I was unexpectedly placed in the position of being forced to take a timed test quite recently.
The surprise test was part of a professional development day – a ‘fun’ activity with a screen technology, where several colleagues and I were asked to complete a task using the said screen under timed conditions. Our times were to be recorded and our names placed on a leader board for the entire staff to view. It was immediately evident that there would be a winner, many close contenders and even more ‘also rans’ or losers.
I was very disturbed by what unfolded. Before the buzzer went there seemed to be a dismissive sizing up of each other, a mental assessment of how things were going to play out. This instantly created a sense of individual isolation in the entire room, which became cold.
The rules were that no one could help anyone else until they had completed the task themselves and then any potential helpers could simply point to the screen – not physically show how to complete the task.
Knowing next to nothing about the technology, I prepared myself to wait until support was offered. This brought the opportunity to observe how people went about ‘playing’ the game.
My colleagues are usually very amiable and supportive, good humoured people.
However, the moment that the timer started, they became very intense and their movements hard, forceful and excluding of everybody else. In between bouts of intense activity, a couple of them glanced at me to check out how I was going. There was contempt in their look that communicated ‘loser,’ derived from the mania they had gone into in order to complete the test successfully in super quick time.
Things were taking a while so I asked my closest colleague how to get started with this. The supervisor swept over to us and vetoed my colleague’s support as he was yet to complete the task himself. I felt the entire left side of my upper body, including my arm, go into a kind of collapse, accompanied by a feeling of sadness as I felt how this contrived situation of timed competition, of a winning and losing situation, had placed my colleagues into an ‘every man for himself’ mindset, which was totally unlike themselves. I was out of the game because I couldn’t even get started and I could not reach my colleagues to connect with them in our usual way, nor to ask them to support me in the task. Our usual sense of mutual support and working together had completely gone out of the window in favour of recording a winning or respectable time and securing a place on the ladder.
As people completed the task, the scores were placed on a leader board and many staff members commented how they’d like a rematch in order to get to the top of the ladder – to prove their worth and skill!
I was stunned to hear people say they’d enjoyed this activity after what I had observed. Everyone wanted a second opportunity to prove they could do it – they could improve their time and knock the winner, who was having a moment of inflated recognition, off his podium.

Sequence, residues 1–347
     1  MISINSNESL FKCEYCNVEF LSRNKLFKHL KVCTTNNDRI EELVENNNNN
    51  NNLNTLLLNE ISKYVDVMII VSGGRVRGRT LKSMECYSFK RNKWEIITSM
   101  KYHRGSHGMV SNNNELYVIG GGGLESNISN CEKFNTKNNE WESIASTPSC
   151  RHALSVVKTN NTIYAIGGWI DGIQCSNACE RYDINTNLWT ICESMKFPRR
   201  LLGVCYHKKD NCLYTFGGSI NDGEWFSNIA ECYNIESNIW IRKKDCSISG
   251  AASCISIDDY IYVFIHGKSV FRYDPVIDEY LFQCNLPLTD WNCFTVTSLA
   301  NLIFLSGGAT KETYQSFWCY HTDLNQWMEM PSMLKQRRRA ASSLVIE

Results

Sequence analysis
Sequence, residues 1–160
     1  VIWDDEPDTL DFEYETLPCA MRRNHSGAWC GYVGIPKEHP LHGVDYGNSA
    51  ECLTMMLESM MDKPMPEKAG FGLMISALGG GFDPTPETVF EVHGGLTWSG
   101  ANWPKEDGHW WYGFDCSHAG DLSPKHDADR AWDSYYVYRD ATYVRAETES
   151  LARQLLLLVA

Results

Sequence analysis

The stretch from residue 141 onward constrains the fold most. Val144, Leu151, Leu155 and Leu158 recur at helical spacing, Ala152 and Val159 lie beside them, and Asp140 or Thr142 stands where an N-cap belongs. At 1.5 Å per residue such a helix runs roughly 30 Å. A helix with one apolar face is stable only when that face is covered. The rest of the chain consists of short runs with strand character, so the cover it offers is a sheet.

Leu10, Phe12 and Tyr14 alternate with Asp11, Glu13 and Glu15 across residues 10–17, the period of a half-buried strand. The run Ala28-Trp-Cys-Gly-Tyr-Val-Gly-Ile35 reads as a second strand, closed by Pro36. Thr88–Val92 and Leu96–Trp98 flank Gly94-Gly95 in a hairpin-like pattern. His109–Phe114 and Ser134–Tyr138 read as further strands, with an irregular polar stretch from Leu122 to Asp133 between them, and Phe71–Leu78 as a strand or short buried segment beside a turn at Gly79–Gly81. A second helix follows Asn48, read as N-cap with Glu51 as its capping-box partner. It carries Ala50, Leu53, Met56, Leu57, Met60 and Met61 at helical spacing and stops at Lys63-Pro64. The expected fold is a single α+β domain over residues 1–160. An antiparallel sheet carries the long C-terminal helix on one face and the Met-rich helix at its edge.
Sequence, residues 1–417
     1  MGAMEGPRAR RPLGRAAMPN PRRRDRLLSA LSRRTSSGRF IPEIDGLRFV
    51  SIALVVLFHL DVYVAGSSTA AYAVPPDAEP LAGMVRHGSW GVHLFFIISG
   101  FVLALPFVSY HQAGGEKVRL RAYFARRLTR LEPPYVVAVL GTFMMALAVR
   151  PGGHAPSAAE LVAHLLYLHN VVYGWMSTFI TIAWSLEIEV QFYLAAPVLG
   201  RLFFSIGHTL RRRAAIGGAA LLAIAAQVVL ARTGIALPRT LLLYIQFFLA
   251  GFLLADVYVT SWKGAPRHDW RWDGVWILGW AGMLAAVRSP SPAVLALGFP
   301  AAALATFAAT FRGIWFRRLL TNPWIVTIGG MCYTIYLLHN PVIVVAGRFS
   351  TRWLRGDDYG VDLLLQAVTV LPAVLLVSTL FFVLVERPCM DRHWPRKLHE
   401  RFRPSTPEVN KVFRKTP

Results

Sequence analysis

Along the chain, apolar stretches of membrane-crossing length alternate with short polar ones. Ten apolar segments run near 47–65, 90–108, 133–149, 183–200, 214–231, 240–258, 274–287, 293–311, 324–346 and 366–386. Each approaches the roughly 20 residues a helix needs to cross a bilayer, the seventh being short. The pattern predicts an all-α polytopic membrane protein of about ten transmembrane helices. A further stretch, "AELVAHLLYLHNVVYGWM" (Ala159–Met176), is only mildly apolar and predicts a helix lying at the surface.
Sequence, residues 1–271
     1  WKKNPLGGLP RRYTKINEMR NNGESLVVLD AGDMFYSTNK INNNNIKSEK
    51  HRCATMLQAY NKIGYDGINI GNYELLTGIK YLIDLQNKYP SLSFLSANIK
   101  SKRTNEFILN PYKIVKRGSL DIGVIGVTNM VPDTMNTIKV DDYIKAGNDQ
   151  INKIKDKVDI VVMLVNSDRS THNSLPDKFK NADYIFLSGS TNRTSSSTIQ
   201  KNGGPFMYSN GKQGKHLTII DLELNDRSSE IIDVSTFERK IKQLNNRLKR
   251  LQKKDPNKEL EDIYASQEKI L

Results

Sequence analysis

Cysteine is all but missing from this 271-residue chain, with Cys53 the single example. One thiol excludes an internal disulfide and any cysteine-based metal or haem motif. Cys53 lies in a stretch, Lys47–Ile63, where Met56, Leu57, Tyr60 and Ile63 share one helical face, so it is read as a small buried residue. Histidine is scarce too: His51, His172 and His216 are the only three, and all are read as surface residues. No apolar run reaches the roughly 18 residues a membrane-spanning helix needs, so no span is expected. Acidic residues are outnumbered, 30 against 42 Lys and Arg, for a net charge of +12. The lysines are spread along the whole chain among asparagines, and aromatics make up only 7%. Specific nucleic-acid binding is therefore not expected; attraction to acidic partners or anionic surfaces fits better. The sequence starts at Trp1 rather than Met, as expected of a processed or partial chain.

How could such a trivial, everyday task place normally lovely people into this state of intense competition in such a short period of time (the activity took four minutes)? What made them cut themselves off from each other to get a reasonable time, if not, the winning time, with such disdain shown for those who were self-evidently going to be ‘last’?
Our innate nature is to cooperate and to support each other in a loving way.
Contrived situations like this one remove us so far from this innate essence.
Moreover, as an educator, this begs the huge question of what is occurring within our children and their bodies as they progress through an education system that measures progress through timed tests, which rank and order students’ scores – even as far as on a national scale – from the age of 8.
If one four minute test could generate so much competitive angst, intensity and social isolation, what effects do the multitude of tests in education have on our children, their bodies and their world view, especially when such tests deliberately foster the ‘every man for himself’ mindset? Can we really continue to brush off such considerations with blanket statements like, “It develops resilience,” and that, “It’s only a test”?
In our worldwide education systems, some tests, and one’s achievement levels therein, dictate what University degree or career one can aspire to, and from there, one’s path in life. How do we measure or even begin to understand the extent to which this ‘test effect’ is compounded many, many times over in such pivotal real life situations? Or do we merely witness the exponential rise in childhood mental ill health and youth suicide, feigning to not be aware of the causes?
From this four minute observation, it appears that we all need to consider deeply what occurs in these tests and the highly deleterious effects they have on all participants – including the ostensible winners. Based on what was witnessed, I would say that the moments of ‘victory’ are brief and shallow and that truly there are no real winners at all. So why do we do continue to endorse such tests and force them onto our children?
A life of purpose – does the way we are educated affect our attitude towards life?
The True Purpose of Education – One Size Fits All or Evolution?
When exam stress becomes a matter of life and death: The effect of exams on student health and wellbeing